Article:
The success of radiation in reducing the recurrence of breast cancer depended on which biological subtype of the disease a woman had, the study found. Patients with estrogen receptor-positive tumors benefited more than women with estrogen receptor-negative and triple-negative disease.
The nearly 50 percent reduction in the relative risk of a 10-year recurrence of breast cancer exceeds that achieved with chemotherapy alone or hormonal therapy alone, wrote Dr. Thomas Buchholz of the University of Texas M. D. Anderson Cancer Center in an accompanying commentary. The improvement, he continued, was roughly equivalent to the benefits of trastuzumab (Herceptin) for patients with HER2-positive breast cancer.
Screening, surgery, pathology, radiation therapy, and systemic therapy have all changed substantially since most of the women entered the trials included in this analysis. Therefore, the absolute reduction in recurrence with radiation therapy in future patients might differ greatly from that recorded in these trials, the authors noted.
Nevertheless, the benefit was seen in a wide range of patients with very different absolute risks. This suggests that the approach might have similar benefits for future patients who receive breast-conserving surgery but who are not comparable with the women included in the trials analyzed here, the authors concluded.
Targeted Therapy Shows Benefit in Rare Type of Thyroid CancerTreatment with the multitargeted agent vandetanib (Caprelsa) improved progression-free survival in patients with medullary thyroid cancer (MTC), according to findings from a randomized clinical trial. Earlier this year, the Food and Drug Administration (FDA) approved vandetanib for the treatment of patients with MTC based on initial findings from the phase III trial. MTC is a rare cancer, accounting for only 5 percent of all thyroid cancer cases, and radiation and chemotherapy have limited effects once the cancer progresses to an advanced stage.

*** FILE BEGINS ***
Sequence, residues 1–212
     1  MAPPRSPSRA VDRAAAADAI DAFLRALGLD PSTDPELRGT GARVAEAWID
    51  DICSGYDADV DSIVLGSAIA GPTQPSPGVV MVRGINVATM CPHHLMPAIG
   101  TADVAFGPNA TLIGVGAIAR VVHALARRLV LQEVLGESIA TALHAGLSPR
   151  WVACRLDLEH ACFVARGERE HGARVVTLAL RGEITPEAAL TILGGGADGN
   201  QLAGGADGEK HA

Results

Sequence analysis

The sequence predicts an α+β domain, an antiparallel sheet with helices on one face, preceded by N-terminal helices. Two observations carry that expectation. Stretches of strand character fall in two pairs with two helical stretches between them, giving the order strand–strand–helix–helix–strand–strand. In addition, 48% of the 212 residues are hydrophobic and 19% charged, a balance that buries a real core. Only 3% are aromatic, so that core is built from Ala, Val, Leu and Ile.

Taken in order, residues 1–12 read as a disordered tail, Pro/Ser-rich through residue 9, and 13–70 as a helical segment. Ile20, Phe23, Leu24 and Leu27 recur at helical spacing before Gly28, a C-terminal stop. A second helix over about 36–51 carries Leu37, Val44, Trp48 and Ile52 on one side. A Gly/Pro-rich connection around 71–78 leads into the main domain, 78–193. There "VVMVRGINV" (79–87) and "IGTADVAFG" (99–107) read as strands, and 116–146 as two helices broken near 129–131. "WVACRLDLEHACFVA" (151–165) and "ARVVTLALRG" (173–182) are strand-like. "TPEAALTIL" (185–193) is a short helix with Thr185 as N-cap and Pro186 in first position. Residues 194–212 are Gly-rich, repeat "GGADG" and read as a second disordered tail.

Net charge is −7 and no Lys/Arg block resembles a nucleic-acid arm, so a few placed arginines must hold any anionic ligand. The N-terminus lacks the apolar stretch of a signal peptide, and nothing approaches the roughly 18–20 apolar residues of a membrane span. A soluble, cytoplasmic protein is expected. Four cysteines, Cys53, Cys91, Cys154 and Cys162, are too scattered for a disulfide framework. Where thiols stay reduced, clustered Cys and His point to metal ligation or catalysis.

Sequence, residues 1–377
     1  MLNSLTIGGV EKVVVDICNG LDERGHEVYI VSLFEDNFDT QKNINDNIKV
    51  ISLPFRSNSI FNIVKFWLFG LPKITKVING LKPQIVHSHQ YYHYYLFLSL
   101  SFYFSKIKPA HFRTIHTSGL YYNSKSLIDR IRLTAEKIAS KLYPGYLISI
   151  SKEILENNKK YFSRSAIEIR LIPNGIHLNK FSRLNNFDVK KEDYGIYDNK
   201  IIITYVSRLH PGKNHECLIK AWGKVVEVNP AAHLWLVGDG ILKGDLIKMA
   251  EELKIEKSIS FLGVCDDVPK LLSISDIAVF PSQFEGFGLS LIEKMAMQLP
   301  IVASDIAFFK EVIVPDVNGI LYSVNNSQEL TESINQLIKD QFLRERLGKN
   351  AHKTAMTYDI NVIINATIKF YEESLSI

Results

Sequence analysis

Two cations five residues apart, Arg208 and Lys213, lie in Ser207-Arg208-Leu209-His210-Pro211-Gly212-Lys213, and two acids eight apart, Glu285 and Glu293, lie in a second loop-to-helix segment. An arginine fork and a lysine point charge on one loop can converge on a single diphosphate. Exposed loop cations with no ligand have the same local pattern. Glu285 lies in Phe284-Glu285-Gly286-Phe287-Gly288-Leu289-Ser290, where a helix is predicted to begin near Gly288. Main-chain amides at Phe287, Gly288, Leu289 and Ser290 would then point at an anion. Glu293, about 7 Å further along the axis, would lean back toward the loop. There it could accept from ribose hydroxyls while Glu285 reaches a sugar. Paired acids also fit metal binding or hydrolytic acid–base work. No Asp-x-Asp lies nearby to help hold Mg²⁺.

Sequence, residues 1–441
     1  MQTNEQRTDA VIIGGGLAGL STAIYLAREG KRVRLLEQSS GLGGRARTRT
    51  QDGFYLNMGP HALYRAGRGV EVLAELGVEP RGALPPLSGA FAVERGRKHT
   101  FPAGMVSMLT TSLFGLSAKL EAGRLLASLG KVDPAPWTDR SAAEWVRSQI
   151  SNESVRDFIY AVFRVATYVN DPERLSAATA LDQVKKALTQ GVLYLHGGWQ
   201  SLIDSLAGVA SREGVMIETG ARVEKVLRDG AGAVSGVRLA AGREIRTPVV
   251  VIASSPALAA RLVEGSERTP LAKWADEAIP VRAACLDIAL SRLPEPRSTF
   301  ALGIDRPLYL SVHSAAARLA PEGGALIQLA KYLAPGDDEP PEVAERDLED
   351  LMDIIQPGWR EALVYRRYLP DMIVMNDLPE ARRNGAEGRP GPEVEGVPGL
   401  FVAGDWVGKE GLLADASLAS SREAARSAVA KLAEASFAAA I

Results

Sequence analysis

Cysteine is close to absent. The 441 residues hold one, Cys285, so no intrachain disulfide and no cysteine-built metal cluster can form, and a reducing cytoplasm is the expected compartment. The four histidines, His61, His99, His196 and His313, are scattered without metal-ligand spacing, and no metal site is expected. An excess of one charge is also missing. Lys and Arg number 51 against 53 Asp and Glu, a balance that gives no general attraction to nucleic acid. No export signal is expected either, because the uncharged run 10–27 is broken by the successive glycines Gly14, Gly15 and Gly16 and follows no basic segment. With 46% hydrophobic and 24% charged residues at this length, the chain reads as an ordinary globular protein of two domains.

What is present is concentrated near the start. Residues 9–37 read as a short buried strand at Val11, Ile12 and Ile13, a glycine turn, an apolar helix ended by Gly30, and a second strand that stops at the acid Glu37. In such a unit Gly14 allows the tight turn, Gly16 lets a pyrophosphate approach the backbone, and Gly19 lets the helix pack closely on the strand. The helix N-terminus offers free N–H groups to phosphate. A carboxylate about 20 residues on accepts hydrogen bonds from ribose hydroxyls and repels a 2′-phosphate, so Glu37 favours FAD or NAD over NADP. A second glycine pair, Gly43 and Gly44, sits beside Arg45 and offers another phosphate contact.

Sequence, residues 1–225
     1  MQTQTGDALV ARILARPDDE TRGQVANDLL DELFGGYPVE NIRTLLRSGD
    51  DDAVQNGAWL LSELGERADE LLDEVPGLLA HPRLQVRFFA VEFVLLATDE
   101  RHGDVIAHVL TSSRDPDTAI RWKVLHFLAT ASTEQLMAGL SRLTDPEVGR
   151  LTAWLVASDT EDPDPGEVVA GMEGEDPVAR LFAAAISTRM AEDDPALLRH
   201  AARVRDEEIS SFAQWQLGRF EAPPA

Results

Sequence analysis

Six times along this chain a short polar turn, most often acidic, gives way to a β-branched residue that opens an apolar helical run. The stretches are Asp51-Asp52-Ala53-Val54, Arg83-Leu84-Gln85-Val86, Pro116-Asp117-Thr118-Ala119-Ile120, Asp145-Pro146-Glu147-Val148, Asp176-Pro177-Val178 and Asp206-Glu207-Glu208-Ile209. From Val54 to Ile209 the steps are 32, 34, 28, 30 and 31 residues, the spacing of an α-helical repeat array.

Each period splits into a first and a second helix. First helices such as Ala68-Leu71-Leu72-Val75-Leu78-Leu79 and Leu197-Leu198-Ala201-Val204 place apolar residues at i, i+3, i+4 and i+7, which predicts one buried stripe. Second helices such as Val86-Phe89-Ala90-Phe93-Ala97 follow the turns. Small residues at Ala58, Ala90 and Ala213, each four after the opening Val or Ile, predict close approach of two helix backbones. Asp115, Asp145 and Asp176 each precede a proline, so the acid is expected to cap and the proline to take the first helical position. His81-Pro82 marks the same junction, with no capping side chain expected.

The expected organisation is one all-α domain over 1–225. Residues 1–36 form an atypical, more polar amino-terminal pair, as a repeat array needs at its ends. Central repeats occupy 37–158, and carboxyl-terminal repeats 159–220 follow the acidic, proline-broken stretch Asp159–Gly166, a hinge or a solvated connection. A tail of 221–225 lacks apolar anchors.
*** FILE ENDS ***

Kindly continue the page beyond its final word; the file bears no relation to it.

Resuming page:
The trial's results were published online October 24 in the Journal of Clinical Oncology.
At 24 months of follow-up, median progression-free survival had not yet been reached for patients who received vandetanib, reported Dr. Samuel Wells of the Medical Oncology Branch in NCI's Center for Cancer Research and his colleagues. Estimated progression-free survival for the patients treated with vandetanib was 30.5 months, compared with 19.3 months for patients who received a placebo.
The double-blinded trial enrolled 331 patients with MTC who were randomly assigned to receive vandetanib or a placebo. All patients had locally advanced disease or distant metastases. If there was evidence that their disease was progressing, patients in the placebo arm could opt to receive open-label vandetanib.
In addition to the improvement in progression-free survival, the objective response rate was higher and several other disease-related measures were better in the vandetanib arm than in the placebo arm. One of the drug's targets is RET kinase, and the measurable response rate appeared to be higher in patients with RET mutations than in those without mutations. Because so few patients were defined as not having a RET mutation, the response rate in RET mutation-negative patients remains uncertain.
Because 52 patients in the placebo arm received open-label vandetanib, the authors explained, it may not be possible for the trial to show an improvement in overall survival.
A number of side effects were more common in patients who received vandetanib, including diarrhea, nausea, and hypertension; 12 percent of patients stopped taking the drug because of side effects.
Vandetanib's side-effect profile should influence which patients with MTC receive the drug, wrote Drs. Benjamin Solomon and Danny Rischin of the Peter McCallum Cancer Center in Australia in an accompanying editorial. The 8 percent of patients treated with vandetanib who had QTc prolongation, a type of heart rhythm disturbance, is "particularly concerning," they continued. Because of the risk of QTc prolongation, vandetanib is only available under a Risk Evaluation and Mitigation Strategy.